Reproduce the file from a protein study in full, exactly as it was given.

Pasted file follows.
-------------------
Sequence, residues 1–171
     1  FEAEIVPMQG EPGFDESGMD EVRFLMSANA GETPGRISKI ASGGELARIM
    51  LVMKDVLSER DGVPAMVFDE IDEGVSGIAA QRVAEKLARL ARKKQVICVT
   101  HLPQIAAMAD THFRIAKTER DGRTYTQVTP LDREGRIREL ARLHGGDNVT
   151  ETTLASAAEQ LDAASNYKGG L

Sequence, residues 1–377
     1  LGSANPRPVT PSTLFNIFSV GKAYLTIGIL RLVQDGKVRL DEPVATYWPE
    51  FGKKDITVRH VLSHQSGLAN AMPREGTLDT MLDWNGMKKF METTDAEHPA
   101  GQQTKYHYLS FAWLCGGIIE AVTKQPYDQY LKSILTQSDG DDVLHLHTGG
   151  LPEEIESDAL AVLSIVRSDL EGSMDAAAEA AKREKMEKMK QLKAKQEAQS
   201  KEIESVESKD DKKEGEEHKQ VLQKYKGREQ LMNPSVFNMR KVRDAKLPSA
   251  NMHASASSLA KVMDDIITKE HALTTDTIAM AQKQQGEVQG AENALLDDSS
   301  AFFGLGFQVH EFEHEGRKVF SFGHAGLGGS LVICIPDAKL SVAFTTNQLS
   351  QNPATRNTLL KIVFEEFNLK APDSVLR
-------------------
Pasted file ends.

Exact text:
Sequence, residues 1–171
     1  FEAEIVPMQG EPGFDESGMD EVRFLMSANA GETPGRISKI ASGGELARIM
    51  LVMKDVLSER DGVPAMVFDE IDEGVSGIAA QRVAEKLARL ARKKQVICVT
   101  HLPQIAAMAD THFRIAKTER DGRTYTQVTP LDREGRIREL ARLHGGDNVT
   151  ETTLASAAEQ LDAASNYKGG L

Sequence, residues 1–377
     1  LGSANPRPVT PSTLFNIFSV GKAYLTIGIL RLVQDGKVRL DEPVATYWPE
    51  FGKKDITVRH VLSHQSGLAN AMPREGTLDT MLDWNGMKKF METTDAEHPA
   101  GQQTKYHYLS FAWLCGGIIE AVTKQPYDQY LKSILTQSDG DDVLHLHTGG
   151  LPEEIESDAL AVLSIVRSDL EGSMDAAAEA AKREKMEKMK QLKAKQEAQS
   201  KEIESVESKD DKKEGEEHKQ VLQKYKGREQ LMNPSVFNMR KVRDAKLPSA
   251  NMHASASSLA KVMDDIITKE HALTTDTIAM AQKQQGEVQG AENALLDDSS
   301  AFFGLGFQVH EFEHEGRKVF SFGHAGLGGS LVICIPDAKL SVAFTTNQLS
   351  QNPATRNTLL KIVFEEFNLK APDSVLR